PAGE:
McIlroy blames poor season on injury-plagued year

It comes as no surprise that Rory McIlroy has laid the blame for an indifferent season squarely on an injury-interrupted year.

McIlroy ended his PGA Tour last week in Chicago with his poorest FedExCup standing since joining the Tour full-time in 2011.

Rory McIlory Rory McIlroy’s season got off to a bad start at the South African Open (Credit: BMW SA Open)

However, it didn’t help McIlroy’s year that he sat out nearly six weeks early on in 2017 after a rib tear only to aggravate the injury overdoing his practice after returning in May.

It is the reason why McIlroy will shut down his season for six weeks, forgoing the European Tour’s Final Series and also ruling out any long-distance tournaments, so that he is fully-healed for the start of his 2018 year.

“I definitely think the injury was the biggest thing that affected my season,” he said to

“If someone was to say, ‘why didn’t things go the way you wanted them to this year?’ I would say because of the injury.”

“Also, you swing away from pain, so I started to get the club way on the inside on the downswing and my path was so far from in-and-out because anything going left at impact was putting pressure on that rib and on that joint and it would hurt.”

“So, I played for four months without hitting a shot left-to-right and you can’t do that.”

“It made me play a certain way and I am proud of the fact I used to be a draw bias player and the last few years I have been able to hit it both ways and I think that has been a big part of my success as I am able to get to back right pins now so that I can hit it to the middle of the green and I can fade it back.”

“This year I have not been able to do that and that’s why, and if you look at my statistics, my wedge play has not been all that good while my iron-play also has not been good.”

And in explaining how ‘re-injured’ himself, McIlroy has compared how he suffered a freak ankle injury mid-2015 that saw him also side-lined for six weeks and while his ankle is of no concern the rib injury has been lingering for some nine frustrating months.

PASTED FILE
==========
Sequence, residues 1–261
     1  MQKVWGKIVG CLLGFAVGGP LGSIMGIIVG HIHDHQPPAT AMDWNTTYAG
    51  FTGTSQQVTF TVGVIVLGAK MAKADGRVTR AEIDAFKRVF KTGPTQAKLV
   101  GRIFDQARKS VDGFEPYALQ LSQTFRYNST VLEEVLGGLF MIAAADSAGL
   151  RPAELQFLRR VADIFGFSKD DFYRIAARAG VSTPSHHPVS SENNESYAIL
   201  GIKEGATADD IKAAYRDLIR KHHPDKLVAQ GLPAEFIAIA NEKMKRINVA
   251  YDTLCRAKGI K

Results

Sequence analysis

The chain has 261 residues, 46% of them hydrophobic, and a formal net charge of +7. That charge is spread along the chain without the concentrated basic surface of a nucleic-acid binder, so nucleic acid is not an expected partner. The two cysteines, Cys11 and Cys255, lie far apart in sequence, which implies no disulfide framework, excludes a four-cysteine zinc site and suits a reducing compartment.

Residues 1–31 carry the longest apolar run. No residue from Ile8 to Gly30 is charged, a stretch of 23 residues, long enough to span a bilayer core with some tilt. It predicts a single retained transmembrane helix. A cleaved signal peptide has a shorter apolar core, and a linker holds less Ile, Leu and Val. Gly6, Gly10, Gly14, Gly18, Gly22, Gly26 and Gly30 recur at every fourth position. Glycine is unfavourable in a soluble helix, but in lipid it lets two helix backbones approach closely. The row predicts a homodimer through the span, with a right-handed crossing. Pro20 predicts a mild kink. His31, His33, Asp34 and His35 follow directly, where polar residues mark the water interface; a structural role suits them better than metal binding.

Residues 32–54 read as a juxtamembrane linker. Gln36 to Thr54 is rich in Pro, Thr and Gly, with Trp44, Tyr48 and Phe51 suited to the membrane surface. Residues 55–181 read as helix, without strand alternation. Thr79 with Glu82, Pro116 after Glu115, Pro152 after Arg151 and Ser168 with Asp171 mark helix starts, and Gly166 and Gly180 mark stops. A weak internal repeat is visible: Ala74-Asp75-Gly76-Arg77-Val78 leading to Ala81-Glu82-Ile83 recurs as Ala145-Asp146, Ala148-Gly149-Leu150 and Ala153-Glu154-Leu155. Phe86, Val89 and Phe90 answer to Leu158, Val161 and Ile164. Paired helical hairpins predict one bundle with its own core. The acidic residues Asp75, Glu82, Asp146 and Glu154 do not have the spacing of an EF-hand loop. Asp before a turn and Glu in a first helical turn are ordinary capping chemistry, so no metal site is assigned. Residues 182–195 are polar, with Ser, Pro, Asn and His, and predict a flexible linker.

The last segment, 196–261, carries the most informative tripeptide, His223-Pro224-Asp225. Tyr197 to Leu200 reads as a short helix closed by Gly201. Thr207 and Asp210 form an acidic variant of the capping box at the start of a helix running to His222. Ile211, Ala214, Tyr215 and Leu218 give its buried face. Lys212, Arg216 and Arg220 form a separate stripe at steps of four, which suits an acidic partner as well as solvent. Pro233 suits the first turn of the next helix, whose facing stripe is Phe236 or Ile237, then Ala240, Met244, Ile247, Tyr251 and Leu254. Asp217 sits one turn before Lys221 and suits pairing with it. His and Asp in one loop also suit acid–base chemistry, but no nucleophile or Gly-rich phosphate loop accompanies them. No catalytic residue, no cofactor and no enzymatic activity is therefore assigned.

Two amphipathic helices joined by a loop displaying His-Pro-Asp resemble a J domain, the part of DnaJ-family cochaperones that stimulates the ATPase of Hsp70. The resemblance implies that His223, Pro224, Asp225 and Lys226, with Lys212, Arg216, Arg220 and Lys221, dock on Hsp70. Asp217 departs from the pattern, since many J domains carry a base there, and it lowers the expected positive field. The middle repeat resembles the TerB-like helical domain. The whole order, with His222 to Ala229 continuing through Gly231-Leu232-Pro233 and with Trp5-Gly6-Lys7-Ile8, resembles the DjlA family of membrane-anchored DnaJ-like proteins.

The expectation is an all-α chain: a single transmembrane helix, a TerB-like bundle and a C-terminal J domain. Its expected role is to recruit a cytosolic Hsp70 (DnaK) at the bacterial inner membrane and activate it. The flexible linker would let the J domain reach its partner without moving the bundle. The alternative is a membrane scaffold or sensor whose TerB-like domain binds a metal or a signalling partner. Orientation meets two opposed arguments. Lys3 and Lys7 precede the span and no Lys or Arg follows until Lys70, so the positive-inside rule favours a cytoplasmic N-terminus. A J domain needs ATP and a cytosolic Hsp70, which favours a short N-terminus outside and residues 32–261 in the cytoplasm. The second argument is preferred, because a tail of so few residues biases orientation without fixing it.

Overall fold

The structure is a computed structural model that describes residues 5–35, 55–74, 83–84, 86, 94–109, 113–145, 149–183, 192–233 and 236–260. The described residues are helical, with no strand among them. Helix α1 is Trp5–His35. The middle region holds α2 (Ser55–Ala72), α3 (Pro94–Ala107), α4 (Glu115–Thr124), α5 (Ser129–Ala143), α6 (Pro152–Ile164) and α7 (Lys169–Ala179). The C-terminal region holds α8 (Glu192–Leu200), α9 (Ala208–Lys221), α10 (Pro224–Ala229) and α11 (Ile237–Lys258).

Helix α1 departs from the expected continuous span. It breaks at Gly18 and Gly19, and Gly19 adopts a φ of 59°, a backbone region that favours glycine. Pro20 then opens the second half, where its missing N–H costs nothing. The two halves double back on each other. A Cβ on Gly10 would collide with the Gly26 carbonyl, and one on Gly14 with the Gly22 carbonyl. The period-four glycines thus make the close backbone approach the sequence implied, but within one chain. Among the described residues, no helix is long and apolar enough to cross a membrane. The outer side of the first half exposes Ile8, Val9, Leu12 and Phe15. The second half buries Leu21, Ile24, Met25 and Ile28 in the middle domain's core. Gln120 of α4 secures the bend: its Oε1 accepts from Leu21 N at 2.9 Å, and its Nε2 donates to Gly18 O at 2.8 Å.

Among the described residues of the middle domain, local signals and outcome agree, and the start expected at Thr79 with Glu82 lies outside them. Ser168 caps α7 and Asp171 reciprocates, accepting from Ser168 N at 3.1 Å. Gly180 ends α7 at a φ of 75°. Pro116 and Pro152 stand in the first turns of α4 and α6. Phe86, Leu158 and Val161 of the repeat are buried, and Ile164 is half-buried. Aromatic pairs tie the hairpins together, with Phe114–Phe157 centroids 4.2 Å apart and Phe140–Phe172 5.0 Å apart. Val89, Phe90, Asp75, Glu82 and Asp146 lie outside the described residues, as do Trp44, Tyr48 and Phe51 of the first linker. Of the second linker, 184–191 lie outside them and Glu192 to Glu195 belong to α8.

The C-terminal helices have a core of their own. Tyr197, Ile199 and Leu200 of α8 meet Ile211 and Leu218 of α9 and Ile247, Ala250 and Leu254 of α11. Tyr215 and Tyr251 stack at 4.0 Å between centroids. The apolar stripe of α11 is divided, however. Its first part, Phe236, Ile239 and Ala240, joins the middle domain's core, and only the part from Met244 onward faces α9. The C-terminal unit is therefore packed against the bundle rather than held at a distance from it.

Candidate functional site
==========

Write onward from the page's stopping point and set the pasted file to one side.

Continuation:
“After getting married and going on our honeymoon I got back into practice and instead of gradually increasing the practice each day the first day I got back I was out there for five to six hours hitting balls and playing and practicing,” he said.

“My back felt a little tight the next day and I guess that was my body saying you need to slow down.”

“Even though I am now going to take these six weeks off in getting myself back to 100% fitness, it is something I am going to have to work on the next 12 to 18 months and really take care of it.”

And McIlroy revealed the reasons for his decision to add next Thursday’s starting British Masters to his schedule.

“The entry date for the event closed three weeks ago and as I hadn’t entered thankfully they were holding a spot for me, so that’s nice,” he said.

“Then I am playing the Dunhill Links with my Dad and he is excited and can’t wait for that, and then I am shutting it down.”

“So, from the end of the Dunhill Links and for the next six weeks I probably won’t touch or swing a club and let my injury full heal, given it time and rest along with undertaking some rehab stuff and exercises.”

And as reported earlier, don’t be surprised McIlroy commences 2018, and for the first time in his career, on the PGA Tour’s ‘West Coast Swing’.